paris theatre odeon feb14

There is a second theater. The theater of the Odeon, ceded by Napoleon to the Senate and restored identically by the architect Chalgrin, reopened in June 1808 under the name of “Theater of Her Majesty the Empress and Queen”. However, the room is again destroyed by a fire on March 20, 1818. The new theater opened in 1819 and place by king Louis XVIII under the management of the Comédie-Française, as the second French theater or Second Théâtre-Français.  During the days of the Trois Glorieuses revolution in  July 1830 the theater was the center of the insurrection of the revolutionary youth. In 1848 Victor Hugo writes   “The Odeon is still deserted. putting a theatre in a deserted neighborhood that you want to vivify and imagine that you will bring the public, it’s as if you figure that by posing a fish on the earth somewhere, you will bring water”  As the area of the Faubourg Saint Germain does not attract as many folks as those of the Tuileries, Palais-Royal, and the now call Boulevard des Italians.

Sarah Bernhardt made her debut at the Odéon in the role of Aricie du Phèdre Racine given for the feast of the Emperor August 15, 1866. But it is in 1869, in a small act of François Coppée, Le Passant that she enters, under the costume of the “Florentine singer,” in her glorious career. In 1872 she triumph in Ruy Blas by Victor Hugo before joining the Comédie-Française.  In May 1968, the Odéon is open to students during the uprising demonstrations. The Odéon became a National Theater in September 1971. It is only on June 1, 1990 that the Odéon will truly regain its independence vis-à-vis the Comédie-Française, by decree. It then takes the name of Odeon-Théatre de l’Europe. Since 2003, the Odéon has a second modular room from 350 to 450 seats, installed in former warehouses sets of the Opera Garnier, boulevard Berthier ,17éme arrondissement of Paris.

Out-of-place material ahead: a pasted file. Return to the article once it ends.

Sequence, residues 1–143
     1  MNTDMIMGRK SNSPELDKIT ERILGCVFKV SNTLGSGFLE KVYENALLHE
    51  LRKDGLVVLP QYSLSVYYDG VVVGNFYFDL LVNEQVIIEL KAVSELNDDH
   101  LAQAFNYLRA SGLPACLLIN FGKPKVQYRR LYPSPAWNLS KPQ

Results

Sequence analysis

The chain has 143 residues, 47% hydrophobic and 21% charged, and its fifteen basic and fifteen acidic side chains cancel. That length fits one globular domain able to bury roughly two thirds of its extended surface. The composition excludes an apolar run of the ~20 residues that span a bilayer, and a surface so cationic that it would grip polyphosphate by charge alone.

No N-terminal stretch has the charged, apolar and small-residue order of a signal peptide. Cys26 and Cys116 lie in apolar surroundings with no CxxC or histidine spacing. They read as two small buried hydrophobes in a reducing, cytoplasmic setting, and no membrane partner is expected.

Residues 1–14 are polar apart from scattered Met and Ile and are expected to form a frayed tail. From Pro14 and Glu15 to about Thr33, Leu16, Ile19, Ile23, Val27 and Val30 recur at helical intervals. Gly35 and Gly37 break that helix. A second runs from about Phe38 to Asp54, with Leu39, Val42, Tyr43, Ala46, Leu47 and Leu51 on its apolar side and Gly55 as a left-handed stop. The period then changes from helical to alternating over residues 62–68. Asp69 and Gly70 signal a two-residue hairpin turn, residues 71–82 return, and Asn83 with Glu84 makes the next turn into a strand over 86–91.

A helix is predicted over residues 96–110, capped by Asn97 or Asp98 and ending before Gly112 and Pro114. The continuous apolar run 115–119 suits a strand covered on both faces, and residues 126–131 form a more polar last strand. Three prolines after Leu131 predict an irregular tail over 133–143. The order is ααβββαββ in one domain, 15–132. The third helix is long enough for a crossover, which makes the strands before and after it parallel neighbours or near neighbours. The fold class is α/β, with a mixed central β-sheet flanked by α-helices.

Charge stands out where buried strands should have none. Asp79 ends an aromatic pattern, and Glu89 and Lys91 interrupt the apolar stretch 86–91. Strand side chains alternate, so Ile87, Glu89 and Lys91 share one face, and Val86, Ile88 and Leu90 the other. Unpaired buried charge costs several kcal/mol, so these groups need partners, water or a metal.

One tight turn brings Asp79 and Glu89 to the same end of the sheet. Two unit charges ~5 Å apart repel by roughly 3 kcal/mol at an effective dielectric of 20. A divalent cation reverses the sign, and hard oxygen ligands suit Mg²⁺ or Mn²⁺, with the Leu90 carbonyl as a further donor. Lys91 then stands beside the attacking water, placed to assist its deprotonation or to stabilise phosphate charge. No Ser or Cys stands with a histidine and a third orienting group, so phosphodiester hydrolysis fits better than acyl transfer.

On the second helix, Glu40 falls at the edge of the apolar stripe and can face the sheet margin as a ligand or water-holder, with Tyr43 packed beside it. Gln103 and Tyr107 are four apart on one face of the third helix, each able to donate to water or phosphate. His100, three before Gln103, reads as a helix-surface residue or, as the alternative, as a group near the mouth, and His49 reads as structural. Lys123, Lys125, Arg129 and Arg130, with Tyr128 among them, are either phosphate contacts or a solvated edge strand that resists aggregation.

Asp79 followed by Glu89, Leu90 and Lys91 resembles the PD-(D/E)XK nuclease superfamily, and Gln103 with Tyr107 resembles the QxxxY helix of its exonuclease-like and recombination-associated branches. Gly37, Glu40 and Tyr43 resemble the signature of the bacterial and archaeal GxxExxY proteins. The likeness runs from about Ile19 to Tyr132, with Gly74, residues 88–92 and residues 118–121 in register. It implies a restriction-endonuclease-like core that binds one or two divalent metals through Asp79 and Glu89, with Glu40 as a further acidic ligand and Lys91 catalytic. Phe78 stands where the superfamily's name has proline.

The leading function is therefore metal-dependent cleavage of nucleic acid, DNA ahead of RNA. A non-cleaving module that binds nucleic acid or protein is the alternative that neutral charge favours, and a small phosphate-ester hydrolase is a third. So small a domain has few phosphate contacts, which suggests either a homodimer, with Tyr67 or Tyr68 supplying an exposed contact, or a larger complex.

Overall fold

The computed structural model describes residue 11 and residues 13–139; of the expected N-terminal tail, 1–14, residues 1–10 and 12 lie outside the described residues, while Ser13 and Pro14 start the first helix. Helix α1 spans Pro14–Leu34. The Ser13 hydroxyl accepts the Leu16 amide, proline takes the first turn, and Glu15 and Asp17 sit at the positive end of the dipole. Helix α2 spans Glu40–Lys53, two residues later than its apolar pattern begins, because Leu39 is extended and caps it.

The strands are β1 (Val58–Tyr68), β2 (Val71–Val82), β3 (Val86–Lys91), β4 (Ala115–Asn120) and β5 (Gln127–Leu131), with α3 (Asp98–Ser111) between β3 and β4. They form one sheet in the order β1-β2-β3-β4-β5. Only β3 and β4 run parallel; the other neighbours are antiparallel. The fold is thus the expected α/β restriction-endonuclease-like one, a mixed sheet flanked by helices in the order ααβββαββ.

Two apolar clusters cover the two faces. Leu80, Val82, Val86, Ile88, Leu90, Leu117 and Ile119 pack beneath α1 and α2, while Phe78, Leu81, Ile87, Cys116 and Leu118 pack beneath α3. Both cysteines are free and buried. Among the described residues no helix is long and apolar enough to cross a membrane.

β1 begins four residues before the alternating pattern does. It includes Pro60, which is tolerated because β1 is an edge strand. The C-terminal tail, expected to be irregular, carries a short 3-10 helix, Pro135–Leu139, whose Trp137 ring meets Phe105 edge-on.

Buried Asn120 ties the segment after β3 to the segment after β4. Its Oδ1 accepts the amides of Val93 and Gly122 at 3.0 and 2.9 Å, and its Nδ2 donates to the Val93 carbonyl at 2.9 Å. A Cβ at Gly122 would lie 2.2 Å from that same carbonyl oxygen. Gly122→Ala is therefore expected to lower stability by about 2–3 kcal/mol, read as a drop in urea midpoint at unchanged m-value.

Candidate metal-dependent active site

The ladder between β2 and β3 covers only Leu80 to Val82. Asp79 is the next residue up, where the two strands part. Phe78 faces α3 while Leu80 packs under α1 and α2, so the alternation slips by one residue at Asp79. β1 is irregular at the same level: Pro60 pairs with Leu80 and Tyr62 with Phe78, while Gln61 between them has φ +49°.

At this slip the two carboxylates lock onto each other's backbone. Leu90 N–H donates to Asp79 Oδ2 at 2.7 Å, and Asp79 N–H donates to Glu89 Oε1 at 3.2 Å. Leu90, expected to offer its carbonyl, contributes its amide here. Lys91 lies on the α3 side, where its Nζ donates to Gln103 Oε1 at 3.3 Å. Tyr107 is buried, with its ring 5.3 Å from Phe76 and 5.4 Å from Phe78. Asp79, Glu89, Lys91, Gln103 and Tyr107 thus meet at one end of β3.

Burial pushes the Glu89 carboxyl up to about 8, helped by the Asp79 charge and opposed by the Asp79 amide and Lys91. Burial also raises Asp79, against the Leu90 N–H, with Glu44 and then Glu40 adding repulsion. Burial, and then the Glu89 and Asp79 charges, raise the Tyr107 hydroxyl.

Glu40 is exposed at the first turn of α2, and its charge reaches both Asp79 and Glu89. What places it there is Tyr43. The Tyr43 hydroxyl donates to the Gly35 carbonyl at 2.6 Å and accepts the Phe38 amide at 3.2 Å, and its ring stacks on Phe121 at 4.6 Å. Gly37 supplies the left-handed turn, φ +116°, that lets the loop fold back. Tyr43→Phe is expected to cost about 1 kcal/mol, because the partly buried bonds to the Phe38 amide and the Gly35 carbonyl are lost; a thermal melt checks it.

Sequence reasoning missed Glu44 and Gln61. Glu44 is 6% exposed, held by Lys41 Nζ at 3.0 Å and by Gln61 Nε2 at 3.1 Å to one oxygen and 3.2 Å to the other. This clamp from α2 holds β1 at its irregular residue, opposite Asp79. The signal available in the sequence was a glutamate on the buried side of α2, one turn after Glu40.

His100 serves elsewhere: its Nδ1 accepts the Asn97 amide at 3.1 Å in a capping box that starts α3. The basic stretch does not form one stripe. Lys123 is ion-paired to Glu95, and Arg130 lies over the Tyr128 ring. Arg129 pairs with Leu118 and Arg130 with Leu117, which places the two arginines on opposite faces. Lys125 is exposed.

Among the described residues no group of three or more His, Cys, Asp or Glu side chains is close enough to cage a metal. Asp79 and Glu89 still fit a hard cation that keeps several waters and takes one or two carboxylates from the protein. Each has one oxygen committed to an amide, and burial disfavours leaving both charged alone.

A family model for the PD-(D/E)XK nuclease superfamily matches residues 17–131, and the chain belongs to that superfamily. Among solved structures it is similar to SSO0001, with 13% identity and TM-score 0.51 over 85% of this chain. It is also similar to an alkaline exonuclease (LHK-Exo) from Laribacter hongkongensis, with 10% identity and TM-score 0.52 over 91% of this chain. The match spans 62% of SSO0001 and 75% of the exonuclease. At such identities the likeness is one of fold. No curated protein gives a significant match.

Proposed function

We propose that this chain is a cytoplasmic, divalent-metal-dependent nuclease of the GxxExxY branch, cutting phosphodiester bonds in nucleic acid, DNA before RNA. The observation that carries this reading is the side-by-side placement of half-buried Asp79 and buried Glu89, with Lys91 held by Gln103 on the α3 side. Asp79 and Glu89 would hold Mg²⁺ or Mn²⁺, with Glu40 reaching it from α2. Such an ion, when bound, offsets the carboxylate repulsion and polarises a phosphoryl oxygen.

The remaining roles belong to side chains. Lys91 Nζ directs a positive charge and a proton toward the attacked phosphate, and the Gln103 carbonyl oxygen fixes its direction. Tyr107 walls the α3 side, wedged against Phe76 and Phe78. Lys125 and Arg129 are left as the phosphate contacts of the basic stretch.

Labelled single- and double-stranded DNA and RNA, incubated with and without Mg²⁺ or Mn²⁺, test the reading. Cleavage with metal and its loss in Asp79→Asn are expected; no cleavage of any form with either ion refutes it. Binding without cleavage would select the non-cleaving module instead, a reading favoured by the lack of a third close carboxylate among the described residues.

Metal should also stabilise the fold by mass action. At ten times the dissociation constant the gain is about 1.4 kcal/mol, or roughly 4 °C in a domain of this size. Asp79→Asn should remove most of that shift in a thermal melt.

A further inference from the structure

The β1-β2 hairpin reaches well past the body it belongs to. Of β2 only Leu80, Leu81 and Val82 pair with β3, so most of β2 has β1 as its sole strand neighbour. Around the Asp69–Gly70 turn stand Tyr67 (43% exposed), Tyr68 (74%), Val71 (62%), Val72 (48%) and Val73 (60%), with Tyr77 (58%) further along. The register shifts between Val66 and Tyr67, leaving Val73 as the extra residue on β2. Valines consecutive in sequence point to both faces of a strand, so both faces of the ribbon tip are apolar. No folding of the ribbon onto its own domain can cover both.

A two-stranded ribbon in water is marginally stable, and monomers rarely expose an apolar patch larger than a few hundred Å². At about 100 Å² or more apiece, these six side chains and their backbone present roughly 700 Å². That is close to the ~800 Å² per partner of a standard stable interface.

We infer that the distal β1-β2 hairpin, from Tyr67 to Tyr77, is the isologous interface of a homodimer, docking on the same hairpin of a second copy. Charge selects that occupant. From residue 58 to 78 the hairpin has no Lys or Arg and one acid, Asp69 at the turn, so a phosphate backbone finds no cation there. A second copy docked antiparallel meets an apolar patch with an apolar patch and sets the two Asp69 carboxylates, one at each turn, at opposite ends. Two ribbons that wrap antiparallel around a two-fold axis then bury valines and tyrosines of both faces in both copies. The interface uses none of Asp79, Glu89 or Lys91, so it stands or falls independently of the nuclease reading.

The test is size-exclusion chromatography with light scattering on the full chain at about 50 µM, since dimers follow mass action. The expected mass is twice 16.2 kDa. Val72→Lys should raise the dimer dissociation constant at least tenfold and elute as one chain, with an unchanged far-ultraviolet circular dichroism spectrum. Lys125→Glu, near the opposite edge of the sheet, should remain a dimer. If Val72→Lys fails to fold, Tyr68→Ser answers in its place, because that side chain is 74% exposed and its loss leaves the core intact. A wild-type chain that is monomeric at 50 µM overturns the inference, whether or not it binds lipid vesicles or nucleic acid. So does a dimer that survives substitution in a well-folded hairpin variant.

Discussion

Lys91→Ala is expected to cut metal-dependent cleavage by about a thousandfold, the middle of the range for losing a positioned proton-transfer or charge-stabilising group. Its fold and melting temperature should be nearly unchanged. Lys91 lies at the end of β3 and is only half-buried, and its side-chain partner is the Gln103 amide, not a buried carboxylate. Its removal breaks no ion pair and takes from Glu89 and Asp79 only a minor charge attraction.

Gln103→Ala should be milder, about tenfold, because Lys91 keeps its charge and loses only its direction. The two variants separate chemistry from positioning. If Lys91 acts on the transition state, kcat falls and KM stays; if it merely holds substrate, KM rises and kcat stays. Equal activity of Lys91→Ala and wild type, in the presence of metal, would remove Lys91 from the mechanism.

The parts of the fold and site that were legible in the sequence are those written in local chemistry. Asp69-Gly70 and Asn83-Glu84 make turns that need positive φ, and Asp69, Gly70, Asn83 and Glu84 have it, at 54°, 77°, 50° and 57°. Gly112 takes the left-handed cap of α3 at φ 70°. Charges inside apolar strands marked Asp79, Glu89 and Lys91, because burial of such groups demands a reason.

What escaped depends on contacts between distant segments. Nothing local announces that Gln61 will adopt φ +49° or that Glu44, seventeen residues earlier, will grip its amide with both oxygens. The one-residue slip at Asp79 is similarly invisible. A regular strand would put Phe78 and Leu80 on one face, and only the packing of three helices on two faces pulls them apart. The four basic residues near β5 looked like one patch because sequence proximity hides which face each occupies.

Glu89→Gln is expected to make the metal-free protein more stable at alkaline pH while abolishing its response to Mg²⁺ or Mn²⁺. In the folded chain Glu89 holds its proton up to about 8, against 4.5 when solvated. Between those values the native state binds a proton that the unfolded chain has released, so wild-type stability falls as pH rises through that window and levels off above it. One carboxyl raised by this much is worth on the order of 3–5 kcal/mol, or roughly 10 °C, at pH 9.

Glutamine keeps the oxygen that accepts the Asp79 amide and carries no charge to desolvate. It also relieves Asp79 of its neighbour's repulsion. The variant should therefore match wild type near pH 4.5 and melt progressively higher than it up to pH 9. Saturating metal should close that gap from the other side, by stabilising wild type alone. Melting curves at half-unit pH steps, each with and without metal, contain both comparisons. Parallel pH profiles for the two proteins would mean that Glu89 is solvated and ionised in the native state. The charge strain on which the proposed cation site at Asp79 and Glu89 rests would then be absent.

The official Odéon Théatre de l’Europe

The Paris tourist office on the Odéon Théatre de l’Europe

There you go folks, a nice monument architecturally stunning and lots of history inside. The shows are nice if with time. Another dandy in my eternal Paris, the Odéon theater and its neighborhood is a must to visit. Hope you enjoy the post as I.

And remember, happy travels, good health, and many cheers to all!!!